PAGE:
Ancient Monuments

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Moated site 190m south of Caludon Castle

A Scheduled Monument in Wyken, Coventry

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Latitude: 52.4164 / 52°24'58"N

Longitude: -1.4515 / 1°27'5"W

OS Eastings: 437404.369094

OS Northings: 279961.745381

OS Grid: SP374799

Mapcode National: GBR HVJ.7T

Mapcode Global: VHBWZ.SJJG

Entry Name: Moated site 190m south of Caludon Castle

Scheduled Date: 7 September 2000

Source: Historic England

Source ID: 1014045

English Heritage Legacy ID: 21616

County: Coventry

Electoral Ward/Division: Wyken

Built-Up Area: Coventry

Traditional County: Warwickshire

Lieutenancy Area (Ceremonial County): West Midlands

Church of England Parish: Stoke St Michael

Church of England Diocese: Coventry


The monument is situated within a public recreation area, 190m south of the
site of Caludon Castle and includes a moated site.

The moated site has been constructed on a north facing slope and has
external dimensions of 70m east to west and 77m north to south. The moat
ditches are approximately 12m wide, and although they are now dry, map
evidence indicates that the southern arm was still water-filled in 1890.
External banks, up to 7m wide, are visible immediately beyond the northern and
western moat ditches. The topography of the site suggests that these banks
served as retaining banks, holding the water within the moat ditches. There is
no visible evidence for the original access onto the moated island and it is
therefore thought to have been via a bridge across the northern moat ditch,
providing access from Caludon Castle. The moated island itself measures
approximately 40m east to west and 46m north to south and will retain buried
features associated with the occupation and use of the site although no
earthworks are visible on the surface.

The ruins, earthwork and buried remains of Caludon Castle, a high status
residence which was originally constructed in the late 12th century and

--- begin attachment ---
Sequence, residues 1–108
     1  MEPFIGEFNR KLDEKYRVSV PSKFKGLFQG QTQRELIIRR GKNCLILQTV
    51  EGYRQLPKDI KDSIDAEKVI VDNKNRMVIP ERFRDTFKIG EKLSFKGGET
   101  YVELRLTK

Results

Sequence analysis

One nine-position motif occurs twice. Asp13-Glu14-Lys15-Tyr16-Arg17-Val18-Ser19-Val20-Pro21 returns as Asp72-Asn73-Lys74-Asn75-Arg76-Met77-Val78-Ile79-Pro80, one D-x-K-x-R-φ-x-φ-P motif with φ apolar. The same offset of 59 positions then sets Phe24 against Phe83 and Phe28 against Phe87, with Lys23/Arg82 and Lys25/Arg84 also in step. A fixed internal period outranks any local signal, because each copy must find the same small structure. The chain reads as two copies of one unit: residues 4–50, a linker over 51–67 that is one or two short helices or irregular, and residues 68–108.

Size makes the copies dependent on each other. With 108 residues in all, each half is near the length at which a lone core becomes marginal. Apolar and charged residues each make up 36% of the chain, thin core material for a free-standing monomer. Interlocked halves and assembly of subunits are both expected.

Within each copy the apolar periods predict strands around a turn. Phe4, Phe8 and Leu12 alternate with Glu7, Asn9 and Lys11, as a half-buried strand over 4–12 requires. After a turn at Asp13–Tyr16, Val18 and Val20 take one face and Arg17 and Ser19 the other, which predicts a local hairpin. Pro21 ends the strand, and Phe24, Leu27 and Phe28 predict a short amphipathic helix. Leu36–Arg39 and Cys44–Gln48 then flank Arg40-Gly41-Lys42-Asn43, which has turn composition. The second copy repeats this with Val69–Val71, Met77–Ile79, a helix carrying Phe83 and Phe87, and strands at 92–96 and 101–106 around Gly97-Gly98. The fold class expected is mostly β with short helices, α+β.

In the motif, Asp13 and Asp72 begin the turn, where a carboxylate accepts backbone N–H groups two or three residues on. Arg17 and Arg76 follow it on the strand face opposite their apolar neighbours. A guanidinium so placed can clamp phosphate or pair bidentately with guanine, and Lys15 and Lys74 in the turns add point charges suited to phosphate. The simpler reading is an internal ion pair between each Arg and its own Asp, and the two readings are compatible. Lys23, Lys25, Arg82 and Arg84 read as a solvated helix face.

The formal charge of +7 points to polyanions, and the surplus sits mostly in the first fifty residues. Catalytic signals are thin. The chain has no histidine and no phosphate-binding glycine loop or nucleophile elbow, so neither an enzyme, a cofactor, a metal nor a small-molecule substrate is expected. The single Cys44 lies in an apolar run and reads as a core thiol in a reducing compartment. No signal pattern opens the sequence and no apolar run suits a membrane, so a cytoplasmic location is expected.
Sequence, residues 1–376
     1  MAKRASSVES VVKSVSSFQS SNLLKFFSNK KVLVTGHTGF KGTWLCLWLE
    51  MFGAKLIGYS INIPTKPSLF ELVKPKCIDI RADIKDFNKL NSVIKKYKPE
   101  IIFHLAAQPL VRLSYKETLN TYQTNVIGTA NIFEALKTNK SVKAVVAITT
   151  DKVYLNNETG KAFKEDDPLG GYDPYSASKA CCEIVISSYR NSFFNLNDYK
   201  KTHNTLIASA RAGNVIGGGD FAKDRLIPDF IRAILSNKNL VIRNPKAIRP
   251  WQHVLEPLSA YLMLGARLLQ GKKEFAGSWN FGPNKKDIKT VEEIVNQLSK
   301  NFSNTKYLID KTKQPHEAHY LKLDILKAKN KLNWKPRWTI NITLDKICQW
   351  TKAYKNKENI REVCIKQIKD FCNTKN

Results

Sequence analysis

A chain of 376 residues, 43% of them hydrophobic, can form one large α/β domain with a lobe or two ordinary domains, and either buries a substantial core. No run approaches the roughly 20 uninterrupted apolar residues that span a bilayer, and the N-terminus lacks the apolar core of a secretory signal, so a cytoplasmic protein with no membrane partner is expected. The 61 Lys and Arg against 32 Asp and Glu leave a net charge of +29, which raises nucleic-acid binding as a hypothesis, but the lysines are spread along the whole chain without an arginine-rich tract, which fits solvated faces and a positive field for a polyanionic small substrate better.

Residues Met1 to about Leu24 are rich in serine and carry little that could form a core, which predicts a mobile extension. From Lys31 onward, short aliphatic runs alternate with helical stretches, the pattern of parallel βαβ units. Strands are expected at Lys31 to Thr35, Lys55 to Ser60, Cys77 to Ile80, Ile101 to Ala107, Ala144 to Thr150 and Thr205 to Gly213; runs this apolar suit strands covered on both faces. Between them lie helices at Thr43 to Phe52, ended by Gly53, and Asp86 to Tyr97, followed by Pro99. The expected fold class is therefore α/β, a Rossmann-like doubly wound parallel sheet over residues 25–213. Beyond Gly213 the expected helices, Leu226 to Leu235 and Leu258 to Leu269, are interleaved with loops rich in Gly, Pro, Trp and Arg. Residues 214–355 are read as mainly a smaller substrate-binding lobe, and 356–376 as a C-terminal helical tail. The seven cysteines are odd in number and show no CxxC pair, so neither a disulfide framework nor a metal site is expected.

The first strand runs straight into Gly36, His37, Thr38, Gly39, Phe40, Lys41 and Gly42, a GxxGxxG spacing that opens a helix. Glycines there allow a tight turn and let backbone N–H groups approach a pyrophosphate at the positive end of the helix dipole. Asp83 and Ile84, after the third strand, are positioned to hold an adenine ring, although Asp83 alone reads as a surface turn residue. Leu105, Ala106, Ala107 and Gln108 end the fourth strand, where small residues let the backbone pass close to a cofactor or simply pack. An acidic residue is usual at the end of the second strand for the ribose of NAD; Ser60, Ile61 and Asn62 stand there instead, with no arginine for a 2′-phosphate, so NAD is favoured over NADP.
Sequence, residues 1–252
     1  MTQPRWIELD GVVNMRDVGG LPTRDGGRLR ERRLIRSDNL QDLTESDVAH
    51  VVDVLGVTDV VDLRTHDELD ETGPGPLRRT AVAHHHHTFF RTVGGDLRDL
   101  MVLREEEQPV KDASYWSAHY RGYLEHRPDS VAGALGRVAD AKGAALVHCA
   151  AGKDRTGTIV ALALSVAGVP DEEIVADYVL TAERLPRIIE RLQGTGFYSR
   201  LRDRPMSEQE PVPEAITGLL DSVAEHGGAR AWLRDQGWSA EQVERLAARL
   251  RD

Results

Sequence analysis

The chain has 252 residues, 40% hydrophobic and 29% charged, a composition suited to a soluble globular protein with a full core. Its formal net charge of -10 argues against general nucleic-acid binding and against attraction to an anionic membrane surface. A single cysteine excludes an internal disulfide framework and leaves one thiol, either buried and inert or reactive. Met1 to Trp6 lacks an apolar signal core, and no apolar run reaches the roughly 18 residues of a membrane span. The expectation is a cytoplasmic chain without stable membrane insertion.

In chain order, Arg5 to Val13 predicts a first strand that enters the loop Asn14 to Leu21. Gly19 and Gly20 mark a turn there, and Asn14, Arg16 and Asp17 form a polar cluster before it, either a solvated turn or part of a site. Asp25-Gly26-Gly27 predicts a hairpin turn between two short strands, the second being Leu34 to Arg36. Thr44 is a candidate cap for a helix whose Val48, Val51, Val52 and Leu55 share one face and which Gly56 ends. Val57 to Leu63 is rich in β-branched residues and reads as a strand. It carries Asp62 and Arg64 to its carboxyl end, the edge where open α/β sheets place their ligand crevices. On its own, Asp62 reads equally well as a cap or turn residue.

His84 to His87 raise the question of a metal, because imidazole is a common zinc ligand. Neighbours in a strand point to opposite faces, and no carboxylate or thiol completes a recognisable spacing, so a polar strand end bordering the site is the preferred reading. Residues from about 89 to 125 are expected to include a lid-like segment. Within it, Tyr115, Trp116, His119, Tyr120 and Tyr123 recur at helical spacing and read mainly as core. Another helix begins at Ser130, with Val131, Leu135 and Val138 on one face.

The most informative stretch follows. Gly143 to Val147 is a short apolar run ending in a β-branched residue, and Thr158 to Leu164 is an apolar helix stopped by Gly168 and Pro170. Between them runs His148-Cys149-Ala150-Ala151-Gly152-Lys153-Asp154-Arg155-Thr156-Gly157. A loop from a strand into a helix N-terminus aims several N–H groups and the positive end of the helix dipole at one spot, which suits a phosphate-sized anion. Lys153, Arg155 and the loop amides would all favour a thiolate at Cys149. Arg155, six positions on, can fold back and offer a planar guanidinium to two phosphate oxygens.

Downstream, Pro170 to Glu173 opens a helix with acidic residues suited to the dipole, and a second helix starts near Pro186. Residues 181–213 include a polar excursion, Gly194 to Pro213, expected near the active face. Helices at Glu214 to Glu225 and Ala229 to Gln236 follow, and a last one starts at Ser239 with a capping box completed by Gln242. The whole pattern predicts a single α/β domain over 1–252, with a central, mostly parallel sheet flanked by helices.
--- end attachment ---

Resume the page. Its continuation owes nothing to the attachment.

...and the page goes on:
occupied through to the late 17th century, are situated to the north of the
moated site. These remains are the subject of a separate scheduling. A
relationship with Caludon Castle is highly likely, and the moated site to the
south was probably a secondary associated enclosure of similar date.

All fenceposts and the former reservoir chamber at the south eastern corner of
the moated island are excluded from the scheduling, although the ground
beneath these features is included.

The site of the monument is shown on the attached map extract.

Source: Historic England

Reasons for Scheduling

Around 6,000 moated sites are known in England. They consist of wide ditches,
often or seasonally water-filled, partly or completely enclosing one or more
islands of dry ground on which stood domestic or religious buildings. In some
cases the islands were used for horticulture. The majority of moated sites
served as prestigious aristocratic and seigneurial residences with the
provision of a moat intended as a status symbol rather than a practical
military defence. The peak period during which moated sites were built was
between about 1250 and 1350 and by far the greatest concentration lies in
central and eastern parts of England. However, moated sites were built
throughout the medieval period, are widely scattered throughout England and
exhibit a high level of diversity in their forms and sizes. They form a
significant class of medieval monument and are important for the understanding
of the distribution of wealth and status in the countryside. Many examples
provide conditions favourable to the survival of organic remains.

The moated site 190m south of Caludon Castle is a well preserved example of
this class of monument and is unencumbered by modern development. The moated
island will retain structural and artefactual evidence for buildings and other
structures which originally existed, including evidence of their form, date
and function. The moat ditches, which have silted naturally, will contain both
artefactual and environmental information relating to the site's occupation
and illustrating the landscape in which it was used. The interest of the
moated site is enhanced by its close proximity to Caludon Castle and as a
monument which is open to the public, it serves as a valuable educational
resource and public amenity.

Source: Historic England


Books and journals
Beresford, MW, Hurst, JG, Deserted Medieval Villages , (1971), 205
Tomlinson, M, The Victoria History of the County of Warwickshire, (1969), 121
Chatwin, P B, 'Transactions of Birmingham Archaeoloigccal and Historical Society' in Transactions of Birmingham Archaeoloigccal and Historical Society, , Vol. 57, (1951), 27

Source: Historic England

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